I WOULD like to comment further on CT Riley's letter (HAS, Jan 6), in which he claims Jeremy Corbyn "defended" an allegedly anti-Semitic mural.

The mural showed caricatures of a group of real-life banking magnates, some of whom happen to be Jewish, sitting around a Monopoly-style board supported on the backs of crouching figures, presumably intended the to represent the poor.

The artist insisted it was intended to be anti-plutocratic, not anti-Semitic.

There is a range of opinion among Jews. Some say it is blatantly anti-Semitic, others say it isn't anti-Semitic at all, and others say Corbyn can be forgiven for failing to notice its alleged anti-Semitic content – he only saw an image of it on his mobile phone.

It attracted little media attention when it was removed in 2012, or when Corbyn's tweet was unearthed in 2015, but hit the headlines in March 2018 following Labour's surprising successes in the 2017 General Election, strategically timed to coincide with the launch of Labour's local election campaign.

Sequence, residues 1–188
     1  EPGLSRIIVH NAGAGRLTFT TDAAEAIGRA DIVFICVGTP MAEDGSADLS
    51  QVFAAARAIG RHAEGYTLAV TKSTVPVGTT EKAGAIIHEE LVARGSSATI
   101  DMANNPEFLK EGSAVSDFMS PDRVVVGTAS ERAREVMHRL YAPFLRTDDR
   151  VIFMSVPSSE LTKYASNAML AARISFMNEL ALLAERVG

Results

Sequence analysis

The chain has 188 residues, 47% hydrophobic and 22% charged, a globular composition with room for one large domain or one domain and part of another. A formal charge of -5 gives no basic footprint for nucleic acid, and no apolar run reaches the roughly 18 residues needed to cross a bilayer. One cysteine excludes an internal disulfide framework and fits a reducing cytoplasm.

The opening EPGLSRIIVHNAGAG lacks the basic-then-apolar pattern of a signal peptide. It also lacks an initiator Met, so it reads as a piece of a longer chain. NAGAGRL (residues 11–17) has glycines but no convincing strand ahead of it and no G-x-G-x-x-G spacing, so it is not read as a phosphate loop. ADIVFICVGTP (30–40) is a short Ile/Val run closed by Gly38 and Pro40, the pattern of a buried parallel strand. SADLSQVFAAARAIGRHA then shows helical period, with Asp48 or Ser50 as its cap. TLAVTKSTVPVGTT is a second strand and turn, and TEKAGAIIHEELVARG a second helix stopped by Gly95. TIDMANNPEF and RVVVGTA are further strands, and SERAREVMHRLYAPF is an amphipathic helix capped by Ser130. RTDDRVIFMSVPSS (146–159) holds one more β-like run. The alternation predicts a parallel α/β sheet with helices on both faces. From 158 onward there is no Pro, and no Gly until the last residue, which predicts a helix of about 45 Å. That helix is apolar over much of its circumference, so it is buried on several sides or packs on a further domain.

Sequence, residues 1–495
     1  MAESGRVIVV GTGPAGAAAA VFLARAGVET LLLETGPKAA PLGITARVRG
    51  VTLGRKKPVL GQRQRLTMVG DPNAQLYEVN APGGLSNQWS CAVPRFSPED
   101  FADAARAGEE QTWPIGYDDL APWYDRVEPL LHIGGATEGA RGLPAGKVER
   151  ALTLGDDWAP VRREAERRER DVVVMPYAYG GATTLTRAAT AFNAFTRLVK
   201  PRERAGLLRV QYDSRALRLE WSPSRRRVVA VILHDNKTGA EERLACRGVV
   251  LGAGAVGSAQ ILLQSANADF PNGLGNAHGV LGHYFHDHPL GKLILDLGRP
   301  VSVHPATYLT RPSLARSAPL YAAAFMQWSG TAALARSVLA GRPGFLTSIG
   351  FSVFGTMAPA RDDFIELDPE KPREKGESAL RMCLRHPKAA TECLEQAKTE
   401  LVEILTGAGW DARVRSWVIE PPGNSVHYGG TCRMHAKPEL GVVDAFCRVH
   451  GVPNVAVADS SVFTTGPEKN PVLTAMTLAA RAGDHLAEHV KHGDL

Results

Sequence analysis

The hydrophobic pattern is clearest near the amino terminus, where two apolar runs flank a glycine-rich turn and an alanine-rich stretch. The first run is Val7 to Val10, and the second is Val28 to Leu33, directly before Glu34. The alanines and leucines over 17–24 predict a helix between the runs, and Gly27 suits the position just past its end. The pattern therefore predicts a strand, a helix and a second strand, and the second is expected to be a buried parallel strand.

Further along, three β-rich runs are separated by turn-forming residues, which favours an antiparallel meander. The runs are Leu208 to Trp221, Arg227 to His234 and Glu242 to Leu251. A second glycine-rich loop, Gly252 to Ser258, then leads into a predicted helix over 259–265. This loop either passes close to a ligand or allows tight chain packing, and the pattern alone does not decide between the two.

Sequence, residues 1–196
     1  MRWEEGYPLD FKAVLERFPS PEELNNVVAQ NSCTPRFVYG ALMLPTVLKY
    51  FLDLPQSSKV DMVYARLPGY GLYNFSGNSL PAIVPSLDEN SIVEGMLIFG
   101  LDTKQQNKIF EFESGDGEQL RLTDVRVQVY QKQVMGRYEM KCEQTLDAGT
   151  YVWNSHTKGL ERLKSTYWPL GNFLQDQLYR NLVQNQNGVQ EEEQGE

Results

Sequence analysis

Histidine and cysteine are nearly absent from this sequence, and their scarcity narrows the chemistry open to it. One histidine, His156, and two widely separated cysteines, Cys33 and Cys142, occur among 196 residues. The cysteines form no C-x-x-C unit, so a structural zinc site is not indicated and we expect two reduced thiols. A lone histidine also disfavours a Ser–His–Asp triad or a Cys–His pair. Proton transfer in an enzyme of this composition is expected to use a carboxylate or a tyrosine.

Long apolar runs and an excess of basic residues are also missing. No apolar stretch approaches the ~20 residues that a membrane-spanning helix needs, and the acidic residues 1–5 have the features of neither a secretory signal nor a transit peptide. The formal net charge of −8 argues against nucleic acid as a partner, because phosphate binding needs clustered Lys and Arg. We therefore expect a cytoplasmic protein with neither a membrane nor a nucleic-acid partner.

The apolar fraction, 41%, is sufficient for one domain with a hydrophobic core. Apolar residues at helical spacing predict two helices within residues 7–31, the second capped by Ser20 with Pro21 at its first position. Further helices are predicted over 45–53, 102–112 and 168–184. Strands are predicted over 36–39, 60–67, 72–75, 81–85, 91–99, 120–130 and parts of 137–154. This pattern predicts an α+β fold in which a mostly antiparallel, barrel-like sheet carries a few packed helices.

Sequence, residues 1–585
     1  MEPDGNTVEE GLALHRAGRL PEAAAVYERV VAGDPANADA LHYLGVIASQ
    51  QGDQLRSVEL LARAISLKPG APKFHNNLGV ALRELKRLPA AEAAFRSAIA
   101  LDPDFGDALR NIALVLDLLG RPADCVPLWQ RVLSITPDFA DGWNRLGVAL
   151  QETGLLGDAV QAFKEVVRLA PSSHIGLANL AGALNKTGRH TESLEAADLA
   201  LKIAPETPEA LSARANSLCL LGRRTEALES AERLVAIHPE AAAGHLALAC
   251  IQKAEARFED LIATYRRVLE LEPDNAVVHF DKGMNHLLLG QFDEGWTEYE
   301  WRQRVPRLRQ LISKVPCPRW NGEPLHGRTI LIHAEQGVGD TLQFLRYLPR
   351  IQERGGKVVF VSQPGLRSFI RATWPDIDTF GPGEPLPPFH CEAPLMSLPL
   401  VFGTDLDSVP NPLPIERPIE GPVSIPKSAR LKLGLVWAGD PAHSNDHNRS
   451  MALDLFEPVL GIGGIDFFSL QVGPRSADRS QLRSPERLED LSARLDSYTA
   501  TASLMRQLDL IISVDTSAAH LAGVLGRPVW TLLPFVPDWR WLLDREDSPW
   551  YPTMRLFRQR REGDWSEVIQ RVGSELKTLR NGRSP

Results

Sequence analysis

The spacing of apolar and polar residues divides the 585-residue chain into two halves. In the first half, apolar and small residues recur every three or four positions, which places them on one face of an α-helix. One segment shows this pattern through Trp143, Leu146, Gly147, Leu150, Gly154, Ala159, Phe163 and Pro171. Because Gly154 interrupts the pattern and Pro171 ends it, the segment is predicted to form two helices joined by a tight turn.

Corbyn clearly did not intend to defend its alleged anti-Semitic content, but rather supported the artist's opposition to its removal on the grounds of freedom of expression.

He apologised, saying: "I sincerely regret that I did not look more closely at the image I was commenting on, the contents of which are deeply disturbing and anti-Semitic.

"I am opposed to the production of anti-Semitic material of any kind, and the defence of free speech cannot be used as a justification for the promotion of anti-Semitism in any form."

That really should have been the end of the matter. To keep bringing this up to attack Corbyn, eight years after that tweet, is just ludicrous.

Pete Winstanley, Durham.